US regulators are investigating over a dozen crashes involving Teslas in Autopilot mode striking emergency vehicles, and one outlet has obtained dashcam and police body camera footage plus partial data logs from one.

    The Wall Street Journal published footage from a February 27, 2021 crash involving a 2019 Model X, which struck parked emergency vehicles on a highway in Montgomery County, Texas at a speed of 87km/h.

    Police vehicles were parked in a lane on the highway performing a traffic stop on another driver, and the crash resulted in injuries to five officers and the hospitalisation of the other driver.

    The Tesla only detected a vehicle in its path just 2.5 seconds and 34m before the crash, though it had earlier been able to detect moving non-emergency vehicles at a much greater distance.

    While that was a slow response time, the system can’t be entirely to blame as the driver was allegedly under the influence of alcohol.

    Not only that, he also allegedly ignored a total of 150 alerts from the Autopilot system in the 45-minute drive leading up to the crash.

    These alerts pertained to the driver taking his hands off the wheel, and the first alert chimed less than two minutes after the drive commenced.

    The five injured officers are suing Tesla, claiming the Autopilot feature was responsible for the accident; Tesla, in turn, is arguing the fault lies with the driver.

    Since this vehicle was produced, Tesla has introduced internal cameras designed to detect inattentiveness, while the company has also rolled out an update designed to improve Autopilot’s ability to detect emergency vehicles.

    The US National Highway and Traffic Safety Administration (NHTSA) is investigating 16 crashes between Teslas and emergency vehicles, one of which occurred after the aforementioned update.

    The Wall Street Journal says it obtained eight crash reports included in the NHTSA investigation, and in at least six the incidents occurred when emergency vehicle lights were flashing.

    Tesla says its Autopilot system, which is a Level 2 autonomous driving feature, can handle steering and even execute lane change manoeuvres, but requires drivers to pay attention.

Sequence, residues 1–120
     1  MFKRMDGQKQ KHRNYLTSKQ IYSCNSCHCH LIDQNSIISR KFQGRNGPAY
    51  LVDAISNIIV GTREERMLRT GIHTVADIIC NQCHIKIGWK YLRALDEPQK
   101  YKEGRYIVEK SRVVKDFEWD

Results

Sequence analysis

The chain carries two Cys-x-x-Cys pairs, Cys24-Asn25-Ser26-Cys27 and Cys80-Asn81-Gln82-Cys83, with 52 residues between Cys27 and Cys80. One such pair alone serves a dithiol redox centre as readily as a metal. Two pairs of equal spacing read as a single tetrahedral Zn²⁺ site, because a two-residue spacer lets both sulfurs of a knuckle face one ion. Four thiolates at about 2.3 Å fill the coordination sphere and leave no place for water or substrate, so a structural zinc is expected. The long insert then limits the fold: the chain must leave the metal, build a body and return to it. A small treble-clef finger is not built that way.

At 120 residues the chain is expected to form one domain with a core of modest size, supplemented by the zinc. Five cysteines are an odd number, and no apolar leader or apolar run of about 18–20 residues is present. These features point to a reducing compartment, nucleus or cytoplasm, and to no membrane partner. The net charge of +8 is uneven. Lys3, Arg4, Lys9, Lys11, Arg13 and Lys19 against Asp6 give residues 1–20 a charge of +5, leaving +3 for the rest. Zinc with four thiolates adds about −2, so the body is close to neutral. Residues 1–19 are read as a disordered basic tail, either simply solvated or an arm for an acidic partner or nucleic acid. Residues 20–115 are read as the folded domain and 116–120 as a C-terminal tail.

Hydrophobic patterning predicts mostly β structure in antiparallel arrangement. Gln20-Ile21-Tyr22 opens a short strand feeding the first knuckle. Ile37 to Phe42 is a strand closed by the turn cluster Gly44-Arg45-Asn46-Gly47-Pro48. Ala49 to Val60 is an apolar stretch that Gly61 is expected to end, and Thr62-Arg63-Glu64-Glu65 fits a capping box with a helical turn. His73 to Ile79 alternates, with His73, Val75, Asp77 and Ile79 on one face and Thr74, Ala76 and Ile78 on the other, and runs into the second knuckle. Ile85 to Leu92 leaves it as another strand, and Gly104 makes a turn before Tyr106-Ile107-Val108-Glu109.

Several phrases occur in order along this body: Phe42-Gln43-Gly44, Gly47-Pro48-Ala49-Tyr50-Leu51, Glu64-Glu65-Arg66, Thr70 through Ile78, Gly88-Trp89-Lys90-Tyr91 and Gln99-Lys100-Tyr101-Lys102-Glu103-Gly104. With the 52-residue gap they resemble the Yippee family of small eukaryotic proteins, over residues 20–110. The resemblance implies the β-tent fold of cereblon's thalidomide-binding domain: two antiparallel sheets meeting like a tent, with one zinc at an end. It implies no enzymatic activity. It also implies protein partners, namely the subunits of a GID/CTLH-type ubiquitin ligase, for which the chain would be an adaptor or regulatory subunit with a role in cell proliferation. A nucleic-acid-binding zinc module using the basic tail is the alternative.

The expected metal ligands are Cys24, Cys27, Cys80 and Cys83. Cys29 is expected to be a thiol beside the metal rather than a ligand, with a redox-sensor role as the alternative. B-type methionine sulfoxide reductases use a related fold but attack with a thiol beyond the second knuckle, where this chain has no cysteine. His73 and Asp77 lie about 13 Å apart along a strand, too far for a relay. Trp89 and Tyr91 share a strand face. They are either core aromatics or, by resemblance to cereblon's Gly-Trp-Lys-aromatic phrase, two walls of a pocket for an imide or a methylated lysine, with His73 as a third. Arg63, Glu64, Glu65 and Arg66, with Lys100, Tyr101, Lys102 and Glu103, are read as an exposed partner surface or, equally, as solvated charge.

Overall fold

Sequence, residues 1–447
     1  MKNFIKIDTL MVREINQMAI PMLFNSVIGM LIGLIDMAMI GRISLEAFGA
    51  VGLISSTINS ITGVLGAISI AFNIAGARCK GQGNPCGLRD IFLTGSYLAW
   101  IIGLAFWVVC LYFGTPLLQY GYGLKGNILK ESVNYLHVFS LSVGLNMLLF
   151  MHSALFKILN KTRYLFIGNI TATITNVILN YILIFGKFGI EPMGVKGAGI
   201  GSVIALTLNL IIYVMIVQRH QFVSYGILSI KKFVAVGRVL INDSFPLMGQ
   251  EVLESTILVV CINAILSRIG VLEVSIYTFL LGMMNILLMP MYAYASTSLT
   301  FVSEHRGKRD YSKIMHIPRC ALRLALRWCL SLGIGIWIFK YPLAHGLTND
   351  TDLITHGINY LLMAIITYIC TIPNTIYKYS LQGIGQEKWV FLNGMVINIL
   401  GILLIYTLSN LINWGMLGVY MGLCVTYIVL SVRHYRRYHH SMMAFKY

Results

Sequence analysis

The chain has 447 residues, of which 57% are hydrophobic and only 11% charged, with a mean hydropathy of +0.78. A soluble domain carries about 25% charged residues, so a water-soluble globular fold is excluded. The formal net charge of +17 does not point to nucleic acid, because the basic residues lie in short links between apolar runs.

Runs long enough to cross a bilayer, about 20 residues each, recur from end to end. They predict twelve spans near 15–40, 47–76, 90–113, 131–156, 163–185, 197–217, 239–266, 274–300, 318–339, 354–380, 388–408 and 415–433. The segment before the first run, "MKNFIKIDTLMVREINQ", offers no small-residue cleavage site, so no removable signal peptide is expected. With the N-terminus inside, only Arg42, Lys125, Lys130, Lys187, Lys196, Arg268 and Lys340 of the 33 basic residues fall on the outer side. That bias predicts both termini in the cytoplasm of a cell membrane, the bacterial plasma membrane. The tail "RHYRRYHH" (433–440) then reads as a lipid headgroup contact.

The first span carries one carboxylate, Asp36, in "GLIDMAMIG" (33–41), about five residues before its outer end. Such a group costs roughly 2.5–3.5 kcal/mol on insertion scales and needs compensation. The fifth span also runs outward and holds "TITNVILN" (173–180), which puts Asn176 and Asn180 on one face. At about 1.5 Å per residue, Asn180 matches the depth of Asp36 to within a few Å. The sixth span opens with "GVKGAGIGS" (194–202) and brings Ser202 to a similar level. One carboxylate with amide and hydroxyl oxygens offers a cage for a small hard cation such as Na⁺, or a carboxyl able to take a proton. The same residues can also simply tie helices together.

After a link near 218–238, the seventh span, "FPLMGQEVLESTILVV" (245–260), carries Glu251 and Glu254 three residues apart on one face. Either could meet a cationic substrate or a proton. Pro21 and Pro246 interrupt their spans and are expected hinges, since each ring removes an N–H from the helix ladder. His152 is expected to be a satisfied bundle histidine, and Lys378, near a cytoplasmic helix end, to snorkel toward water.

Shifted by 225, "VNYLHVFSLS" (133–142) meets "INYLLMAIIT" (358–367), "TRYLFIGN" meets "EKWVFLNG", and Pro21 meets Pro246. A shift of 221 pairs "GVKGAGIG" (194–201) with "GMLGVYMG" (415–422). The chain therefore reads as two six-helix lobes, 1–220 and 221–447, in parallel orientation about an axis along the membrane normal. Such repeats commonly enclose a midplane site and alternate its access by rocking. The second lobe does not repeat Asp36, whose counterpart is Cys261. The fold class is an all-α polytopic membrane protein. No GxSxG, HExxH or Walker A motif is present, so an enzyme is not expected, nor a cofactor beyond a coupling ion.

Company CEO Elon Musk confirmed earlier this year he’s happy to licence the Autopilot technology, or that of the so-called Full Self-Driving system, to other car companies.

    The company has removed ultrasonic sensors and radar from its vehicles in favour of a camera-only set-up it calls Tesla Vision, which powers the two Level 2 autonomous driving features.

    In addition to the aforementioned NHTSA investigation, the regulator is also investigating 22 deaths from crashes involving Teslas suspected to be using Autopilot.

    The Autopilot and FSD systems have endured a barrage of criticism as well as legal action and regulatory oversight regarding their effectiveness.

    Just this year:

    Shareholders also recently filed a proposed class action suit against Tesla in federal court in San Francisco, arguing they had been defrauded by the company with false and misleading statements on technology that “created a serious risk of accident and injury”.

    Tesla is also reportedly the subject of a US Department of Justice probe, reportedly examining whether Tesla misled consumers, investors, and regulators by making unsupported claims about the capability of its driver assist technology.

    In one reprieve for Tesla, a California jury found in favour of Tesla earlier this year in a case involving its Autopilot system.

    William Stopford

    William Stopford is an automotive journalist based in Brisbane, Australia. William is a Business/Journalism graduate from the Queensland University of Technology who loves to travel, briefly lived in the US, and has a particular interest in the American car industry.

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